As far as short haulers go, the fuel mileage gains are a little harder to achieve due to many variables an over-the-road driver may not typically encounter as often. Being based out of the Los Angeles area here in Southern California increases the possibility of encountering these variables exponentially. Things such as traffic jams, irregular routes, stop-n-go city driving, increased amount of queue times at shippers/receivers, and two mountain passes to deal with regularly (Cajon and Grapevine) make it quite challenging for me to reach such fuel gains as my over-the-road counterparts. These factors and my newly found addiction to saving fuel are the building blocks to a goal I set at this years Great American Truck Show in Dallas, TX (GATS). It was there that I shared my first goal in a quest for fuel savings never seen before in a local/short-haul trucking business. Equipped with my Freightliner Cascadia Evolution, I was armed
and ready to wage battle against the fuel-sucking variables!
Although I had set a goal in mind with the foresight that it could actually be met, I did not think it would come less than a month after I returned home from GATS. By far, one of the hottest topics at GATS was the interest in increased fuel economy, with Henry Albert marking his 11.2-mpg trek on his two-day journey to the show. Not only that, but the new placards showing his truck’s current lifetime fuel economy that had been newly-mounted on the rear door of his trailer and the his new trailer tail were also a great topic of conversation at the Freightliner booth. Engaging in conversation with everyday drivers and my fellow Team Run Smart pros about fuel economy improvemnets, led me to think of the gains I could theoretically see from the Cascadia Evolution that I currently use in a short-haul scenario. It was this chain of events that led me to set a goal prior to leaving the show of attaining a full week of working my average runs and averaging over 8.0-mpg. As a reminder, I measure fuel weekly as it impacts my business rather than by the tank-full,
since I never actually fill my tanks in short-haul.
The week of September third was a promising week for me. I came off of the holiday ready to hit the ground running in search of attaining my new goal. Everything seemed to be going good headed into Friday, September 6th. I was cruising along at 8.02 mpg and then tragedy hit…WIND!!! Coming across Cajon Pass on my last run on the way to park the truck I ran into the result of a low pressure weather system moving into place over a high pressure system, which typically results in horrible winds through this notorious Southern California pass! As I reached the yard to park, I regrettably added up the tally and realized I sat just shy of my goal at 7.91-mpg. Dang it, my ingenious plot to outwit the elements and fuel-sucking vampires of short-haul had been foiled again!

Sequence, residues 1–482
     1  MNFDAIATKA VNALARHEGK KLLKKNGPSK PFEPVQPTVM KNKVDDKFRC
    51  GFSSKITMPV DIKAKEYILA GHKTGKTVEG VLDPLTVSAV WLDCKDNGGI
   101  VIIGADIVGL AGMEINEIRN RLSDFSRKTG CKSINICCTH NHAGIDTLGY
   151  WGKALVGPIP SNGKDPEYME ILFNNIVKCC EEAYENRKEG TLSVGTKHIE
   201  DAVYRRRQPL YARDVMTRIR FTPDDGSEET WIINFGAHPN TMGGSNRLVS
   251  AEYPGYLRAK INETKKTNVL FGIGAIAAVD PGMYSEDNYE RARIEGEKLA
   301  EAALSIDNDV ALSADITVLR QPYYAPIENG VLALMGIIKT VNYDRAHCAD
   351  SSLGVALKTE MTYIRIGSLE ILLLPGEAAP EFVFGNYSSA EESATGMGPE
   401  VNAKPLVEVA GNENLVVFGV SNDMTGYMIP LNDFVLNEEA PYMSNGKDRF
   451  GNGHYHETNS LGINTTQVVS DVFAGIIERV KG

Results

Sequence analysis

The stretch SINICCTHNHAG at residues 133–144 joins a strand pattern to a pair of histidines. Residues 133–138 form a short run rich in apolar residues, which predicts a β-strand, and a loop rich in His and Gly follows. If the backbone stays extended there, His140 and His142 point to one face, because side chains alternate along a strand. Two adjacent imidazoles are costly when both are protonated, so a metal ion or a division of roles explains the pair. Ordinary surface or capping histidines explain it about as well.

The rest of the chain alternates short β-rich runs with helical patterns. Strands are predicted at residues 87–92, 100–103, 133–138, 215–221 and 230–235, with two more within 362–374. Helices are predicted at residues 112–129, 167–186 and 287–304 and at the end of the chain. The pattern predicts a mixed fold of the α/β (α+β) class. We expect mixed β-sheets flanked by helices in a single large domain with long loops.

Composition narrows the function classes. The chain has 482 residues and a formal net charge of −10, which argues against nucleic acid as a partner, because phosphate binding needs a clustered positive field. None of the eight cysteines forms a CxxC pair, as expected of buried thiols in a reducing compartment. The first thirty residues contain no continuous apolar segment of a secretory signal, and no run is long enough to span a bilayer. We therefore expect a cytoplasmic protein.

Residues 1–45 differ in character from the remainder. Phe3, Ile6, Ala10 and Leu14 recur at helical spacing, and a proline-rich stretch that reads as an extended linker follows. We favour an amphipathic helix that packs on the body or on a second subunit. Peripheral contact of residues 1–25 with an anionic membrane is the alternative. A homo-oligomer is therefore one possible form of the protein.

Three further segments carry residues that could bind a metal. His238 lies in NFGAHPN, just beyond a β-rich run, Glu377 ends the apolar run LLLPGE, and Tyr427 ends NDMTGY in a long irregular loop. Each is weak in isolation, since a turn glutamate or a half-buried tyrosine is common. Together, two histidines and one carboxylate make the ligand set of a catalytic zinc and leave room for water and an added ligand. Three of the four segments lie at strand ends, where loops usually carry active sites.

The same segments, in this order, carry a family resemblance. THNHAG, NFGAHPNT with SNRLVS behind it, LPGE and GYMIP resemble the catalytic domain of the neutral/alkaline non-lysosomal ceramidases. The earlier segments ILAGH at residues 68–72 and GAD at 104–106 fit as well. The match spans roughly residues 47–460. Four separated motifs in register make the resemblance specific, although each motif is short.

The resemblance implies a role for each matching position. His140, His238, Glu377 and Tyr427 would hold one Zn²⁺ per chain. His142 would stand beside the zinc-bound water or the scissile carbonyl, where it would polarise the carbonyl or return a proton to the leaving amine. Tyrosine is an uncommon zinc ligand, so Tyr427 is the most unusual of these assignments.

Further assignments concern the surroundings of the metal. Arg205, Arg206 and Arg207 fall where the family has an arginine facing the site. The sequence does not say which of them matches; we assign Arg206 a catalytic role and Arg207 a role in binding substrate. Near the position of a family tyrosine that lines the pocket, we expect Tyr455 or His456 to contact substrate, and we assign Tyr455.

With the following Monday getting underway, I was once again ready to roll into a new week of making money. As I kicked the tires (then checked with an air gauge of course) and lit the fires, I replayed my plan of attack over and over in my head. The key to me reaching the 8-mpg mark this week would have to come from controlling the most controllable factor…me! In any scenario of saving fuel, even the most effective aerodynamic improvements can be wasted at the hands of a driver that does not effectively monitor and adjust his/her own performance to effectively utilize said improvements. I set out for a week of constantly monitoring my own performance and adjusting it to make the most out of the efficiency improvements of the Cascadia Evolution equipped with the Detroit DT-12 automated transmission. Low and behold, I had one of the busiest weeks I have seen all year and had a lot more irregular routes than normal. I thought for sure the hilly terrain I encountered going up the CA-101 to Santa Maria and back, or the trip up and down Cajon Pass to Apple Valley and back, would have had a negative effect on my fuel economy. The trick of paying attention to my own driving had seemed to pay off in the long run. Constantly adjusting my driving habits to take advantage of the Cascadia Evolution’s tools such as the assisted cruise control, Detroit DT-12 automated transmission skip-shift and E-coast features, and its many aerodynamic improvements, made for one heck of a week. I was able to park the truck on Friday after running 1,378 miles with an overall fuel economy of 8.146 actual, while 8.2 showed on the dash!
Although shadowed by the 9-10mpg readings of some of my over-the-road counterparts, reaching this milestone for a short-haul truck can be seen roughly as the equivalent. Due to the variables involved in this type of operation, it is important to squeeze every last drop out of the tanks at the end of the week and reduce the overall fuel-to-revenue ratio for that settlement period. I was able to effectively reduce this ratio to .209, or rounded up to 21%. This means that for my total truck revenue that week, my fuel only accounted for 21% of my overall costs, which is low when compared to the typical over-the-road ratio of up to 40%. Now that I have achieved this major milestone for my short-haul operation, I can now aim to duplicate it and also improve upon it as well. As for the time being…time to
start thinking of the next goal!